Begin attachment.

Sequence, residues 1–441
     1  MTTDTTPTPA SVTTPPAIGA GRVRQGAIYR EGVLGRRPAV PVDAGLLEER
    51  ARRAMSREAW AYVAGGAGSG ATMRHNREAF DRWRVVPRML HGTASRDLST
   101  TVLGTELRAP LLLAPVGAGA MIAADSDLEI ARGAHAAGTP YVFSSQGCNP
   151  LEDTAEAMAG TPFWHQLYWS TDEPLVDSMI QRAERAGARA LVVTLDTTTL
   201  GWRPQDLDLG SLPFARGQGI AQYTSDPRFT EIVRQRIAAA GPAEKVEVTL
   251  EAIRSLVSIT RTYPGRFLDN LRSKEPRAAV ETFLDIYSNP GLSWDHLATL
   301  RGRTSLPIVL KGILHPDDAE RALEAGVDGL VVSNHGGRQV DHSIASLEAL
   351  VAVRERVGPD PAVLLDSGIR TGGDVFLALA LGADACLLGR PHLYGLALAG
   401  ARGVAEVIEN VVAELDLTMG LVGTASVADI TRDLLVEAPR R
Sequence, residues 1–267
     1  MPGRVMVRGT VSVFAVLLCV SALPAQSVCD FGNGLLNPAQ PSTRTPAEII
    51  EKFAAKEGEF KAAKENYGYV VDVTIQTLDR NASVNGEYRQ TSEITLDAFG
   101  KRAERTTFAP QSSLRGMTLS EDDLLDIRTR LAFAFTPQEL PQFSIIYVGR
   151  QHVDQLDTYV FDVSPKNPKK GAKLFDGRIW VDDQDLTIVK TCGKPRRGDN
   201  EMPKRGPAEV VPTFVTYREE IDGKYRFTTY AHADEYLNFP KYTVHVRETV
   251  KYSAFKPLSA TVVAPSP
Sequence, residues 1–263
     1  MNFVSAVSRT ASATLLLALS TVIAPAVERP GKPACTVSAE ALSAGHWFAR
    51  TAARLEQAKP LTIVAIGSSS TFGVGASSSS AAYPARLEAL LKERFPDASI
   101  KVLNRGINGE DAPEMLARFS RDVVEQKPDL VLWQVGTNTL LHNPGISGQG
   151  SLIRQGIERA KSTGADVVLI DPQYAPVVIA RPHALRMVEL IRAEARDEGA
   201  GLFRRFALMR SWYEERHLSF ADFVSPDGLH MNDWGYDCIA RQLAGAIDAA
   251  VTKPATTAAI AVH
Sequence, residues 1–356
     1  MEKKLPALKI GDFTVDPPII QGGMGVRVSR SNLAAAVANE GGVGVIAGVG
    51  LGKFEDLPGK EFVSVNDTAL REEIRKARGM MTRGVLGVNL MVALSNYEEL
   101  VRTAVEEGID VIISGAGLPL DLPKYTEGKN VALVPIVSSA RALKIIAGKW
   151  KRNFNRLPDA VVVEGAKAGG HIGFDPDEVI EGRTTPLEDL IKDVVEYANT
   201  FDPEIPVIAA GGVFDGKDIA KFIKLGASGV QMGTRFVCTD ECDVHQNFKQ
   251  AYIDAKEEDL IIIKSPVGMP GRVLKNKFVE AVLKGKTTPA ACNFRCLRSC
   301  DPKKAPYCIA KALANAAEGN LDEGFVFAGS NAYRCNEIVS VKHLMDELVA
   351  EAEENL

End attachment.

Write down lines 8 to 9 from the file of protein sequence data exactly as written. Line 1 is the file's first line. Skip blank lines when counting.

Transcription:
   301  RGRTSLPIVL KGILHPDDAE RALEAGVDGL VVSNHGGRQV DHSIASLEAL
   351  VAVRERVGPD PAVLLDSGIR TGGDVFLALA LGADACLLGR PHLYGLALAG